¿ Abbott Laboratories Inc., of Abbott Park, Ill., said it started its cash tender offer for Vysis Inc., of Downers Grove, Ill., for common shares at $30.50 per share in connection to its recently announced merger. The $355 million cash offer is scheduled to expire Nov. 29. The consummation is subject to receipt of at least 51 percent of the Vysis shares, on a fully diluted basis, and other conditions. As part of the deal, Abbott entered into an agreement with Amoco Technology Co., an affiliate of BP plc and owner of about 65 percent of the outstanding shares of Vysis, under which Amoco would tender all of its Vysis shares. (See BioWorld Today, Oct. 25, 2001.)
¿ Advanced Tissue Sciences Inc., of La Jolla, Calif., was awarded a $1.4 million Small Business Innovation Research grant from the National Institutes of Health, National Institute of Arthritis and Musculoskeletal and Skin Diseases. The three-year grant is to develop tissue-engineered articular cartilage designed to better withstand the extreme forces experienced in the human body. ATS intends to further develop its patented bioreactor technology to grow cartilage using stresses, including compression and fluid flow, that mimic the forces cartilage is naturally exposed to in the body.
¿ Albany Molecular Research Inc., of Albany, N.Y., reported plans to relocate its Biocatalysis Division from Iowa City, Iowa, to the Chicago area, effective next year. The division, currently located in the University of Iowa¿s Oakdale Research Park in Iowa City, will move its operations to the company¿s recently acquired facilities in Mount Prospect, Ill.
¿ AltaRex Corp., of Waltham, Mass., closed a previously announced private placement of 7.2 million special units at C$1.75 per unit, resulting in gross proceeds to the company of C$12.6 million (US$7.9 million). The net proceeds will be used to continue funding of OvaRex MAb, which is in late-stage clinical development for the treatment of ovarian cancer, and for working capital purposes. The financing was led by Yorkton Securities Inc. and the syndicate included Wells Fargo Van Kasper.
¿ Amersham Biosciences, of Piscataway, N.J., and scientists from the University of Delaware conducted the first-ever DNA sequencing experiments carried out while at sea. Using the research vessel Atlantis and submersible Alvin, the team is carrying out an environmental genomic study of the life that inhabits super-hot hydrothermal vents almost 2 miles deep in the Pacific Ocean. By the end of the 17-day research cruise, scientists estimate that they will sequence just under 2 million base pairs of DNA from different microbes and organisms that live in and around the vents, an amount of DNA equivalent to the size of a small bacterial genome.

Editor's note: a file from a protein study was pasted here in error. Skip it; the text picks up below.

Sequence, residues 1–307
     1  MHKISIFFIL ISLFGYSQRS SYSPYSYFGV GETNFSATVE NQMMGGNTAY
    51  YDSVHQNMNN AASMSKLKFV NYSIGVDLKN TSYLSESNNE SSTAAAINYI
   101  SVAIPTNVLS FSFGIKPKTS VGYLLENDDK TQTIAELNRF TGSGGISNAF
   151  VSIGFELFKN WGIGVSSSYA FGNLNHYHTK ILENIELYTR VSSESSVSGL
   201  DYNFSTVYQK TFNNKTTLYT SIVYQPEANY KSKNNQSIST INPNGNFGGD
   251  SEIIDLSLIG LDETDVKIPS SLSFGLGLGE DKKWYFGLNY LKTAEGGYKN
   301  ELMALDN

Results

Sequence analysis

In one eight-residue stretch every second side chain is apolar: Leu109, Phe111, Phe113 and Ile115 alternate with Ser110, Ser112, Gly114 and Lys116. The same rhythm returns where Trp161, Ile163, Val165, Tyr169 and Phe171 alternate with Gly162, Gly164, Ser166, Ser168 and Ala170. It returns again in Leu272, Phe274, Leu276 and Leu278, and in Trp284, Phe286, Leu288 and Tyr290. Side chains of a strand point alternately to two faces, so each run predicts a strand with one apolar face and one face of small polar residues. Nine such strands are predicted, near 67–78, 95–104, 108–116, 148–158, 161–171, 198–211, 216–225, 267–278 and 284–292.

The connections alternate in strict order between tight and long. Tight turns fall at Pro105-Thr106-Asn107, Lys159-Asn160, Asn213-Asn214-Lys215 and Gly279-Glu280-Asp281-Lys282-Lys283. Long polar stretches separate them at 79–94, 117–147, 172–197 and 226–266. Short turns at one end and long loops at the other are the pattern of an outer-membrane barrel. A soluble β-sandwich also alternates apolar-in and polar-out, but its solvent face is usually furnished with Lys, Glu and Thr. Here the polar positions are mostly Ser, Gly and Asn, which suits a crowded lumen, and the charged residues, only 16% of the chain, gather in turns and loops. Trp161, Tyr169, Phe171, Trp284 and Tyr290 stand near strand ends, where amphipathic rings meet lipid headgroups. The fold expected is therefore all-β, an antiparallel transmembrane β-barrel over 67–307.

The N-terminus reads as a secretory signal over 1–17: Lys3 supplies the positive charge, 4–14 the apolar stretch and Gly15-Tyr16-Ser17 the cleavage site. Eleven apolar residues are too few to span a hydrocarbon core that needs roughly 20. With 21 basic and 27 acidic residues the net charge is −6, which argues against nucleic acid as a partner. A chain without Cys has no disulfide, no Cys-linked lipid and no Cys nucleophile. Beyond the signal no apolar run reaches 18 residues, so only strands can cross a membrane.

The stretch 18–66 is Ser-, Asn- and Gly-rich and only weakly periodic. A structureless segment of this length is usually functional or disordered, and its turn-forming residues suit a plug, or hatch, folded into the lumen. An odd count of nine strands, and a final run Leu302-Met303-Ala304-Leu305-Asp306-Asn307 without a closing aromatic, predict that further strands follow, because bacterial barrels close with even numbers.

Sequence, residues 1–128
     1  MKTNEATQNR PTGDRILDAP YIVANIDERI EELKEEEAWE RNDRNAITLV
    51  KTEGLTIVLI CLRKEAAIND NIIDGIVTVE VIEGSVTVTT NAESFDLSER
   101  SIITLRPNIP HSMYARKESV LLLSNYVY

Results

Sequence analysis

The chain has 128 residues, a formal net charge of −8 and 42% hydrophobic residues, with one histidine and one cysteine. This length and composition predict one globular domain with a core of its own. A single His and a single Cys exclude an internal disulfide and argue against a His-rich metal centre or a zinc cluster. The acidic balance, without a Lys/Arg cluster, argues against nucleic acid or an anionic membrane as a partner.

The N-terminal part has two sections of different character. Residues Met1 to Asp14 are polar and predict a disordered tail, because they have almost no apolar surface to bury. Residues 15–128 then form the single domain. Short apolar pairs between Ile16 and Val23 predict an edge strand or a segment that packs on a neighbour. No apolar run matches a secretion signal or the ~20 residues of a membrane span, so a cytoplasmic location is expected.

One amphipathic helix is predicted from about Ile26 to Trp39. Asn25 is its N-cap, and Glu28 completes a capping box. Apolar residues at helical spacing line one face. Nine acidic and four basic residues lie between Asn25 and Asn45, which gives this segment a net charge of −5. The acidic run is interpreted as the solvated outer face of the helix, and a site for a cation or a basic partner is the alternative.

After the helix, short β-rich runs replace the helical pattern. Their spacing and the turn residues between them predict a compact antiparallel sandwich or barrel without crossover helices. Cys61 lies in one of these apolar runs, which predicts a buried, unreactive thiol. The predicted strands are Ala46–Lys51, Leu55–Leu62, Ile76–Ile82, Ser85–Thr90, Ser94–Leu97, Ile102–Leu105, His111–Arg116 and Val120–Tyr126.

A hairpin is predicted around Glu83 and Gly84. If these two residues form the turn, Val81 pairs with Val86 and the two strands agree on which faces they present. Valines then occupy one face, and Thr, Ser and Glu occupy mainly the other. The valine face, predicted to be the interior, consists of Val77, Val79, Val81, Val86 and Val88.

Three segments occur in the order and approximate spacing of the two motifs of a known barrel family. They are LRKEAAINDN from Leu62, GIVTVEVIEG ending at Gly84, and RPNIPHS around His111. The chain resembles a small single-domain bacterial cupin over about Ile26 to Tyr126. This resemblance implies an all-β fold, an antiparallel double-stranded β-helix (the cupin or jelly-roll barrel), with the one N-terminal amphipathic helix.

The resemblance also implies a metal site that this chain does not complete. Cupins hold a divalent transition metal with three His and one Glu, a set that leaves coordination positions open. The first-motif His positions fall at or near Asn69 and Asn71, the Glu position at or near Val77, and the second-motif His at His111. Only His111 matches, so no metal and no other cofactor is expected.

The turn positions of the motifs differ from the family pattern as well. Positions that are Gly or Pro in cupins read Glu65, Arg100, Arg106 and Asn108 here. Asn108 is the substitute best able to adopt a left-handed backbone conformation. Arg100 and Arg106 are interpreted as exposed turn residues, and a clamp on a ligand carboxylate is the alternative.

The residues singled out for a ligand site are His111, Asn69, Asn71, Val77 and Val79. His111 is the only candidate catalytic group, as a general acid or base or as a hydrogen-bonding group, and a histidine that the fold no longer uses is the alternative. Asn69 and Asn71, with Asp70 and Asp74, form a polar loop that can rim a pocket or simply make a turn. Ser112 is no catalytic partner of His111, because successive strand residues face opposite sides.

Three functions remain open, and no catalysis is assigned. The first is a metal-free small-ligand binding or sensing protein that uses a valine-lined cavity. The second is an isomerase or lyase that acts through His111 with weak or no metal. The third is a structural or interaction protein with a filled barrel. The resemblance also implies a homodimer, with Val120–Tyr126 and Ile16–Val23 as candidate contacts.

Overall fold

¿ Antigenics Inc., of New York, said clinical and molecular data from a study evaluating Oncophage in patients with metastatic melanoma are being featured at the American Association for Cancer Research-National Cancer Institute-European Organization for Research and Treatment of Cancer conference in Miami Beach, Fla. The Phase II results reported responses in five of 28 evaluable patients whose melanoma had spread throughout the body.
¿ AnVil Informatics Inc., of Lowell, Mass., appointed Richard Gill president and CEO. Previously, Gill served as president and CEO of ActiveCyte Inc., of Newton, Mass. AnVil works to provide in silico drug discovery services and other integrated solutions that typically include a mix of professional services and custom software tools.
¿ Ardais Corp., of Boston, reported the online deployment of its BIGR Library and suite of proprietary bioinformatics tools to qualified biomedical researchers in industry and academia. The BIGR (Biomaterials and Information for Genomic Research) Library, currently comprising tens of thousands of research-quality clinical materials and associated clinical information, enables researchers to identify and validate new biological targets.
¿ Argenta Discovery Ltd., of Harlow, UK, and De Novo Pharmaceuticals Ltd., of Cambridge, UK, entered into a collaborative agreement directed toward certain De Novo drug discovery targets. Argenta will provide De Novo with synthetic chemistry and screening services for the generation and testing of low-molecular-weight, drug-like compounds whose design has been driven by De Novo¿s proprietary computational modeling. No other details of the agreement were disclosed.
¿ Beyond Genomics Inc., of Waltham, Mass., licensed from the Advanced Research & Technology Institute at Indiana University a patented technology for high-throughput protein analysis called Ion Mobility Mass Spectrometry (IMMS). IMMS enables the development of new generations of mass spectrometers that can rapidly sort and characterize thousands of proteins from complex biological samples such as blood serum or cell extracts. Beyond and Indiana University also will work to form commercial relationships to fully develop IMMS.